This is lovely – Diego Stocco makes music from leaves and a turntable.
A student in the I.B. Program heads to class.
The International Baccalaureate Program offers advanced students a chance to take courses more advanced than regular Advanced Placement courses, with extra emphasis on leadership principles and knowledge theory. The difficulty and quantity coursework for the program often exceeds college level work for many students.
This has lead to criticism from some parents who feel the program expects too much of their kids too soon and robs them of a childhood. Billy Stenson, pictured above, is only 13 years old but shows signs, both mental and physical, of precocious development. The I.B. Program loses about 60% of children who start it within the first year, and a further 20% before graduation.
Still, the program has produced world leaders and geniuses such as Ken Jennings, Jeopardy millionaire and Kim Jong-un. That last sentence is real by the way, those are its two most famous grads.
A Softer World: 971
(Now, if you’ll excuse me, I have to lie down again.)
buy this print
“Should I kill myself, or have a cup of coffee?”
―Albert Camus, The Stranger
(Source: vintageanchorbooks, via horizontaltranslations)
- as chemistry exams to life.
The usual lesson: it made sense at the time, but was promptly contradicted and outdone by anyone who was justified in their righteousness/correctness/certainty, thus leaving: (1) a sense of bewilderment, (2) the acute and vague awareness of failure, and (3) the desperation to prove them wrong.
In summary: it seemed ok while I was writing it but afterwards apparently I got everything wrong!? WHY why is everything like this
The World as 100 People: Equally interesting and shocking.
Salesmanship, another ingenious newspaper blackout by Austin Kleon. (…)
whitewabbit0w0 asked: sincerely sorry to hear about the lost hat. (although it was a month ago. and this is kinda late) i know your pain ㅠㅠ our family has a servant in hong kong and she is number one sketchy and there's so much paranoia when i'm around her that home isn't that relaxing even if i'm not the one doing the cleaning. have you gotten it back yet? i hope you're the vanessa that i think you are ^^ (excuse me if i made a hasty assumption based on what you wrote about a history symposium, chem, and montreal)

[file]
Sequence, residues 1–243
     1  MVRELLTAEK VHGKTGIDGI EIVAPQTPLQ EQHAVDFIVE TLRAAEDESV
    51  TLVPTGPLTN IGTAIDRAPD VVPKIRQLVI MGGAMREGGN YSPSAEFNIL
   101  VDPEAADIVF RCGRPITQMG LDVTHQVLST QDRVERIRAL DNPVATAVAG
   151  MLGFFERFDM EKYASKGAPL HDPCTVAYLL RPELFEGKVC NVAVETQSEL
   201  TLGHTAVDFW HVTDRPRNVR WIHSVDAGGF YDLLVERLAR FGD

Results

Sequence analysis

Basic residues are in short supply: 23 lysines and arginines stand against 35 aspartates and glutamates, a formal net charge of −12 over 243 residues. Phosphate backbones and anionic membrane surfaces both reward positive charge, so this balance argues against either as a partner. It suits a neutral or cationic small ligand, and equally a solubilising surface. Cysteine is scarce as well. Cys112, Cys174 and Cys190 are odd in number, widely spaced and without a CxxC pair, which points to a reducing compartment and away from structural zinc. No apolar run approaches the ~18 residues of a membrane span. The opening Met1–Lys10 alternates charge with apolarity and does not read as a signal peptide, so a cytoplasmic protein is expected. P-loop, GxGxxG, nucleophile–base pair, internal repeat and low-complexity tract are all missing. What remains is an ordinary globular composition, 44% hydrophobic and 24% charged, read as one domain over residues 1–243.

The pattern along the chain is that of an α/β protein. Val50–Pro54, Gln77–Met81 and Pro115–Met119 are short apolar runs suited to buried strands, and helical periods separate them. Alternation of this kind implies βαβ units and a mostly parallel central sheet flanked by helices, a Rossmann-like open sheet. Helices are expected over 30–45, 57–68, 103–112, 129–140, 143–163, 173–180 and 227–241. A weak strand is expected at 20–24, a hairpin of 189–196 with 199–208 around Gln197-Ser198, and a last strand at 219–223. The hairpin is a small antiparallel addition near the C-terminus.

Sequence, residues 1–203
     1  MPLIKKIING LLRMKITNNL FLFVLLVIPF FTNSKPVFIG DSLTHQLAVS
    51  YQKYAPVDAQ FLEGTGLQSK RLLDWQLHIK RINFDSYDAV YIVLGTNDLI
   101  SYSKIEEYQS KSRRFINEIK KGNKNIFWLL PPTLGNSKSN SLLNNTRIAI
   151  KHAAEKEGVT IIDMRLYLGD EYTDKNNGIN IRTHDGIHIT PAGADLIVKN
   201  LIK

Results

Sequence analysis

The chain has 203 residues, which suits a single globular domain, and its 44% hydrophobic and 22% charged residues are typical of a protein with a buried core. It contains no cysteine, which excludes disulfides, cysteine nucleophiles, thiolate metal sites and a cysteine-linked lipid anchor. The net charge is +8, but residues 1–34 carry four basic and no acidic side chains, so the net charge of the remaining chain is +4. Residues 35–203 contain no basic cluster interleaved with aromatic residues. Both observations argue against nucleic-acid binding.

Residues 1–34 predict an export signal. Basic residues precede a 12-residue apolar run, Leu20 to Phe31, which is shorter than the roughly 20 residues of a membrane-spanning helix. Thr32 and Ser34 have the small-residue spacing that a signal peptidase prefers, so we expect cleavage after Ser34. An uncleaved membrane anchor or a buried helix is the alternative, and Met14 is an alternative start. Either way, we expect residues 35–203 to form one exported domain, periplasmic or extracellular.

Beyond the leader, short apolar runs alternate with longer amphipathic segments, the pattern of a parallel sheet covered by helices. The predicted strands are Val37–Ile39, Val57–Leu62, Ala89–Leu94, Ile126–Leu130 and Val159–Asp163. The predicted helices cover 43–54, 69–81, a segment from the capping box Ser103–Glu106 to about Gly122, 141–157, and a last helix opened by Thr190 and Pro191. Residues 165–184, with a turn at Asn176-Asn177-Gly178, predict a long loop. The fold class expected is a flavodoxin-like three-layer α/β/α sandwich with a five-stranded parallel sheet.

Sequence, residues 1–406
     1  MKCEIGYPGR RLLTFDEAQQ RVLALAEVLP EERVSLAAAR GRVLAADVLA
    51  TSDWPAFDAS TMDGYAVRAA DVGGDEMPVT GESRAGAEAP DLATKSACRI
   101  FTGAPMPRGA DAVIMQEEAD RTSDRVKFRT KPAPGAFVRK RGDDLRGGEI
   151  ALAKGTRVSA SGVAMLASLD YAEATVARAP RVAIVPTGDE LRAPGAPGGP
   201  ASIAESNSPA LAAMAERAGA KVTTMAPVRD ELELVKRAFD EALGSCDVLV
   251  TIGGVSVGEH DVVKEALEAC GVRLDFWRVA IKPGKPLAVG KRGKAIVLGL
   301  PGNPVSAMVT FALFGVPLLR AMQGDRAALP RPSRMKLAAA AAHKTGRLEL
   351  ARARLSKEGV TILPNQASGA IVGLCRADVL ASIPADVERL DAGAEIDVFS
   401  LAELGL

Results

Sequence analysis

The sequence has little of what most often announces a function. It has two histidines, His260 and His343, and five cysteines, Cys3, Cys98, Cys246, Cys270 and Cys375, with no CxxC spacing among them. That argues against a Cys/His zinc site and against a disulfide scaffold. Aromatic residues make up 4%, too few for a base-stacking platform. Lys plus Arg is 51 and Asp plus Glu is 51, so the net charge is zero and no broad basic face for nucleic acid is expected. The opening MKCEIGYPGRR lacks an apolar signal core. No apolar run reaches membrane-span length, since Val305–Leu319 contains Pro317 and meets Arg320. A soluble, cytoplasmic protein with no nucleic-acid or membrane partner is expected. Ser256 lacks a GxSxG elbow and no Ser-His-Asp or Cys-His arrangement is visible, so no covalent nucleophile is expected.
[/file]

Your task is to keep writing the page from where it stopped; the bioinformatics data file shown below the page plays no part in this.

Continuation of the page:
I think I am! This is Jessica, I presume? =w= asdfjaoih w;ih sorry I’m so bad at telling who people are…
The first immigrants to Europe arrived thousands of years ago from central Asia. Most pre-contact Europeans lived together in small villages. Because the continent was very crowded, their lives were ruled by strict hierarchies within the family and outside it to control resources. Europe was highly multi-ethnic, and most tribes were ruled by hereditary leaders who commanded the majority “commoners.” These groups were engaged in near constant warfare.
Pre-contact Europeans wore clothing made of natural materials such as animal skin and plant and animal-based textiles. Women wore long dresses and covered their hair, and men wore tunics and leggings. Both men and women liked to wear jewelry made from precious stones and metals as a sign of status. Before contact, Europeans had very poor diets. Most people were farmers and grew wheat and vegetables and raised cows and sheep to eat. They rarely washed themselves, and had many diseases because they often let their animals live with them. Religion infused every part of Europeans’ lives.
Europeans believed in one supreme deity, a father figure, who they believed was made of three parts, and they particularly worshiped the deity’s son. They claimed that their god had given humans domination over the earth. They built elaborate temples to him and performed ceremonies in which they ate crackers and drank wine and believed it was the body and blood of their god, who would provide them with entrance into a wondrous afterlife called heaven when they died. Many wars were fought over disagreements about the details of this religion, each group believing their interpretation was the right one that should be spread across the land.
Now imagine that is part of a textbook that has entire chapters on the Mississippian polities of the 1200s and a detailed account of the diplomatic situation of the southeastern provinces in the 1400s and 1500s, an enormous section that goes through the history of the rise of the Triple Alliance in Mexico and goes through the rule of each tlatoani and their policies, the heritage of Teotihuacan and its legacy in later Mesoamerican politics, elaborate descriptions of the trade routes that connected and drove various nations in North America. Long explanations of the rise of various religious movements such as the calumet ceremony and Midewiwin, and how they affected political agendas and artistic trends. Pages and pages and pages going through the past thousand years of American history century by century.
And these three paragraphs are the only mention of European history before the year 1500.
Delivering a dinosaur to the Boston Museum of Science - Arthur Pollock - 1984
n. the state or condition of unnoticed excellence—the hidden talents of friends and coworkers, the fleeting solos of subway buskers, the slapdash eloquence of anonymous users, the unseen portfolios of aspiring artists—which would be renowned as masterpieces if only they’d been appraised by the cartel of popular taste, who assume that brilliance is a rare and precious quality, accidentally overlooking buried jewels that may not be flawless but are still somehow perfect.